Suppose I use MT19937 to choose random words out of (say) the Diceware word list. I know MT19937 is not considered a cryptographically secure PRNG, but Wikipedia suggests the weakness is rather uninteresting for this purpose:

The algorithm in its native form is not cryptographically secure. The reason is that observing a sufficient number of iterations (624 in the case of MT19937, since this is the size of the state vector from which future iterations are produced) allows one to predict all future iterations.

Since it seems rather unlikely that I would need anything like that many iterations to generate a strong passphrase, I don't see how an attacker could exploit this weakness, assuming my password is securely hashed and salted to industry standards (e.g. PBKDF2 with 10k+ rounds and a unique salt per account). It looks as if this is only considered a weakness because it makes MT19937 unsuitable for use in long-running cryptographic protocols and other situations where an attacker could plausibly observe a lot of iterations.

Since MT19937 has a much longer period than the number of possible passphrases, intuitively it sounds like it ought to be safe for this kind of usage. But I don't like to rely on intuition.

My naive estimate of the passphrase's entropy is log2(N!/(N - r)!) for N = the number of words in the dictionary and r = the number of words in the passphrase (we're sampling without replacement; if sampling with replacement the numbers go up a bit, but not by much, and I don't want a passphrase with repeated words anyway). This is simultaneously large enough to be impractical to attack, and substantially smaller than 19937 bits for reasonable values of N and r (e.g. N=2^12 and r=5), so it looks safe. But I didn't account for MT19937's use because I don't know how to do that.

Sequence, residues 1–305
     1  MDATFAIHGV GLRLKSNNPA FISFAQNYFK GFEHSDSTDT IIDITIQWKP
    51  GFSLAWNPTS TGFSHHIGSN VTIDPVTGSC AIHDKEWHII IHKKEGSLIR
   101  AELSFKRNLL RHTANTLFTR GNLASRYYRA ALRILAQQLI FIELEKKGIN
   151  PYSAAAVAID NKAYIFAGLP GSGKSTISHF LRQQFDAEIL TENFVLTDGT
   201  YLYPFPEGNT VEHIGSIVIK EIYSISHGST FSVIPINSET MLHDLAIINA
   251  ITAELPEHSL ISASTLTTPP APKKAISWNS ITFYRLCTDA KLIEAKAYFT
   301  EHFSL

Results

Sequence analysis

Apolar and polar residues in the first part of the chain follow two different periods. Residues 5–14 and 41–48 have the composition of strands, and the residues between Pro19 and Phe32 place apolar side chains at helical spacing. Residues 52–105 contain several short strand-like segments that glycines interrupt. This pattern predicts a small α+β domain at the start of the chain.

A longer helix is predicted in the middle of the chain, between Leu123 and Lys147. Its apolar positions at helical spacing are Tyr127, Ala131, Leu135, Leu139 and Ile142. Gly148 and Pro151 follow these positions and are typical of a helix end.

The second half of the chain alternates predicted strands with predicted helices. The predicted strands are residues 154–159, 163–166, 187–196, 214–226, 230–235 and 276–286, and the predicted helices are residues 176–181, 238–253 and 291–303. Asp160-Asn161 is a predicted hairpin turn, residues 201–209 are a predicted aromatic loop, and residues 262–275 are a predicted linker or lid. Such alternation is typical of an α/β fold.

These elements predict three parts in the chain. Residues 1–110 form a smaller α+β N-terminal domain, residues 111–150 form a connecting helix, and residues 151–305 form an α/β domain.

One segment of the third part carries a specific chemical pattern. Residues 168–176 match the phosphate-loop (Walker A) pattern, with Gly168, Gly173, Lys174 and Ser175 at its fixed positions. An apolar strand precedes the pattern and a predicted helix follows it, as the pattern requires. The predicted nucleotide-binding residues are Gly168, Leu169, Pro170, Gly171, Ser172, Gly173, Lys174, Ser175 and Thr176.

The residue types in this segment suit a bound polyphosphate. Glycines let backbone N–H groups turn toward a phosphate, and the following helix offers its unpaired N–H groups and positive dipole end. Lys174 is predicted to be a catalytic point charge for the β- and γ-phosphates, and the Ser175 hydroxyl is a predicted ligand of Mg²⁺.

Are there any known or reasonably likely attacks on passphrases generated, salted, and hashed in this fashion? In particular, does knowledge of the PRNG used allow us to significantly reduce the entropy?

You don't have to worry about the cryptographic strength. Indeed you will not be getting enough values from it for that attack to matter and even if you did, nobody can observe those values. (Of course if you create millions of passwords and assume that some percentage of them is compromised that might change things.)

What you do have to be careful about is what your initial seed is. If you use for example the time then an attacker only has to guess at what time you created your password.

Knowing the PRNG only helps to reduce the entropy if the PRNG is extremely bad. Way worse than MT19937.

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